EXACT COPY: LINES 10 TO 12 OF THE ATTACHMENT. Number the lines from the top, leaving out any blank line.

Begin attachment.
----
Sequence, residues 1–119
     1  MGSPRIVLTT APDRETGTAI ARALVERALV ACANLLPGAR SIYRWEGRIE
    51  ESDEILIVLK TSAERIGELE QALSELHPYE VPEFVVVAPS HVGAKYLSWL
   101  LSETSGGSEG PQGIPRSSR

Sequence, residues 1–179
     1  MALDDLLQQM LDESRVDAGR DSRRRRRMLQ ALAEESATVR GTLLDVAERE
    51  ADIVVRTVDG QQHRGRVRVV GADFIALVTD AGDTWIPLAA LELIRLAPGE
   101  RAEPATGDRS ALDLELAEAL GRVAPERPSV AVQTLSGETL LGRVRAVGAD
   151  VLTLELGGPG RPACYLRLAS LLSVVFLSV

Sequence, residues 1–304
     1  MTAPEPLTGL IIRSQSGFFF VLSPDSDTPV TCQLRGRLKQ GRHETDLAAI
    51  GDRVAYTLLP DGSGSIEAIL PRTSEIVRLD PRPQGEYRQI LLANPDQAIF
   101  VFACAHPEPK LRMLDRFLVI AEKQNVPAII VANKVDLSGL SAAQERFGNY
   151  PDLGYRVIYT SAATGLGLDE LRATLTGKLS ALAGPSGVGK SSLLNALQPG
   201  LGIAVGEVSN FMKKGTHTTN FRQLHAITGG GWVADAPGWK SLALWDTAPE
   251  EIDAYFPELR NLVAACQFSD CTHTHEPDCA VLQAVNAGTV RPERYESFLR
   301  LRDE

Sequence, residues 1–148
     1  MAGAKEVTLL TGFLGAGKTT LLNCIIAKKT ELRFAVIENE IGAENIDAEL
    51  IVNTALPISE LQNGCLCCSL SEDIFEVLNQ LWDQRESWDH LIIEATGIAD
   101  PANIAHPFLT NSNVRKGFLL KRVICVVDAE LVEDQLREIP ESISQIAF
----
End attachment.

Sequence, residues 1–304
     1  MTAPEPLTGL IIRSQSGFFF VLSPDSDTPV TCQLRGRLKQ GRHETDLAAI
    51  GDRVAYTLLP DGSGSIEAIL PRTSEIVRLD PRPQGEYRQI LLANPDQAIF